The next morning, I woke up and headed to the dining hall, where I’d be having all my meals while on campus. Breakfast actually became my favorite meal. Then, at 10 am, I had my first drop-in hour, where students were encouraged to come by and knock on my door. I called this “The Sexpert Is In” to let them know they could come to me with explicit sex questions and issues. Just like the lending library, I had no idea if I’d be sitting around for an hour or there’d be a line outside my door. It turned out to be the latter. In fact, by the next day, I’d added more drop-in hours to the schedule to accommodate the demand. On Tuesday, I saw students from 10 am to 5 pm with one break for lunch. They arrived one by one or sometimes in couples and we talked about a range of topics: first-time sex, friends with benefits, long distance relationships, orgasms, oral sex techniques, anal sex information, sex toys, breaking up, enemas, pubic hair grooming, the dating and hook up scene on campus, masturbation, period sex, lube, threesomes, peer pressure, open relationships, premature ejaculation, porn, sexual assault, painful intercourse, jealousy, birth control, kinky fantasies, virginity, the G-spot, gender roles, queer sex, sexual empowerment, promiscuity, safe sex, cock rings, sexual identity, and more. Those are just the topics I remember. In all, I think I met with about 50 students individually, and these were some of the most rewarding experiences (and that doesn’t even count the students I talked to in small groups, in the dining hall, or elsewhere). If you’re a student who came to see me, I want to thank you. Thank you for having the courage to knock on my door, share your stories with me so openly, and listen to my thoughts.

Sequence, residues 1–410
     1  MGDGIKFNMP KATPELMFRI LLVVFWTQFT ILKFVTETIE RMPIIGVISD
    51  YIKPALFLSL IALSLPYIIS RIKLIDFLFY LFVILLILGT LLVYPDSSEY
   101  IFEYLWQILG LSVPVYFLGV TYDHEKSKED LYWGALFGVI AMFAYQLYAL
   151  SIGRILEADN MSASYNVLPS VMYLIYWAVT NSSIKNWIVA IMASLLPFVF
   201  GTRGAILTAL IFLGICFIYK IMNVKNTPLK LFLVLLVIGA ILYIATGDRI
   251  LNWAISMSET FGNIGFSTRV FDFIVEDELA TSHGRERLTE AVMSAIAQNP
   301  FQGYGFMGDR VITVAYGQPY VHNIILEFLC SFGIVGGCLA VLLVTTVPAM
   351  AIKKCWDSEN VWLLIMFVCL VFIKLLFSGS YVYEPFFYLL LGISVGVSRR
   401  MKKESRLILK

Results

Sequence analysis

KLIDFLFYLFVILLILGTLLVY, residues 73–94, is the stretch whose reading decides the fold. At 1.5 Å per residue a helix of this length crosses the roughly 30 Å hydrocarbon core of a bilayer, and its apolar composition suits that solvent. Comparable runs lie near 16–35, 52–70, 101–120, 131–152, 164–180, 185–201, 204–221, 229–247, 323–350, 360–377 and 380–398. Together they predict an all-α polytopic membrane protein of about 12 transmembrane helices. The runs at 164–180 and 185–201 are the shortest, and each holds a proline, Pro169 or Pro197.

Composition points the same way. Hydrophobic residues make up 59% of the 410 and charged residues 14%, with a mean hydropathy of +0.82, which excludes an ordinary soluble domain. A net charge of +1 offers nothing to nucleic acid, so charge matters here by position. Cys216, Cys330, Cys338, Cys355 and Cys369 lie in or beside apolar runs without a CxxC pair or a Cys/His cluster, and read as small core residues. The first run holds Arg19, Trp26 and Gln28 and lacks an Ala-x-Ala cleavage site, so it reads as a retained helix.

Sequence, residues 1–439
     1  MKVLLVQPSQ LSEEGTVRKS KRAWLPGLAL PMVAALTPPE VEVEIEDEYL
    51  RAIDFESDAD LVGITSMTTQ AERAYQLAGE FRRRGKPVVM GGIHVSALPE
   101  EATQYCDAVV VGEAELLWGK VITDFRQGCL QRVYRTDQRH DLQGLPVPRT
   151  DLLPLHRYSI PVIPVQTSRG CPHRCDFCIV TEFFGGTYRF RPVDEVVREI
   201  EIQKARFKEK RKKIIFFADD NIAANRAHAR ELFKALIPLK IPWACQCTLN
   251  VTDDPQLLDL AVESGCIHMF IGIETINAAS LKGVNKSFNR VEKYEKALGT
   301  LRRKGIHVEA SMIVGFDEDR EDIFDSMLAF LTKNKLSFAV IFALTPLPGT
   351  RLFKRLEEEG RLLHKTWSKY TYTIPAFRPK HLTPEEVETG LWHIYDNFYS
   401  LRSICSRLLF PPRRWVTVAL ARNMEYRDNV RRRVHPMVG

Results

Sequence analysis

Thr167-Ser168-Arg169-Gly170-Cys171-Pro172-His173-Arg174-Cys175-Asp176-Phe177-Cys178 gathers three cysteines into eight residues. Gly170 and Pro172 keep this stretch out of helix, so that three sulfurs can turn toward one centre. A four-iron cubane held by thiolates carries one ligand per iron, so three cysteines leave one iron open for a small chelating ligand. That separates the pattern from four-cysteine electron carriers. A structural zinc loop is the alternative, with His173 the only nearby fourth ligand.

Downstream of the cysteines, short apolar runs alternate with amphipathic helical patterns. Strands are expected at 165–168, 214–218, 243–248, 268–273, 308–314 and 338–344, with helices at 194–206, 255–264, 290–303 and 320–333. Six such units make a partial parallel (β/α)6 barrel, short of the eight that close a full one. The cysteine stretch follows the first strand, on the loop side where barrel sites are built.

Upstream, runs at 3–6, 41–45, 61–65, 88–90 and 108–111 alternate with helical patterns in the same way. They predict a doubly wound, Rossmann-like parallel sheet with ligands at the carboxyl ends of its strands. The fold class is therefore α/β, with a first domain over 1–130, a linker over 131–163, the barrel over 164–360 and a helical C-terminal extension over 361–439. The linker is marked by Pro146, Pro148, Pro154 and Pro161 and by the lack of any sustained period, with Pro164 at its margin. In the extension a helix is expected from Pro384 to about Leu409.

On Monday night, I gave my presentation on The Path to Sexual Empowerment, and had a big audience. There was a lively question and answer period, followed by our first tea. I told everyone they had to come to tea in their pajamas, and I got in mine. The teas were a nice way to wind down, and students could talk about whatever they wanted.

By Tuesday, I had developed a system. On my door, signs would inform students if I was available: do not disturb, just knock, or I’m meeting with someone, please come back at [time written on a post-it]. There was a steady stream. I woke up each morning convinced I could get some other work done or squeeze in a nap, but neither really happened. Beth, a local sex educator came to my talk the night before, so we decided to meet the next day. We exchanged stories, networked, and she mentioned there was a sex toy store in town. What?!?! I had no idea. It was called Illini Arcade. Light bulb moment: why not do a “field trip” with students to the local sex shop? I fired an email off to the program director, then continued to see students. Tuesday evening was the talk students seemed most interested in: My Life As a Feminist Pornographer. The audience was very engaged, and there were some great questions.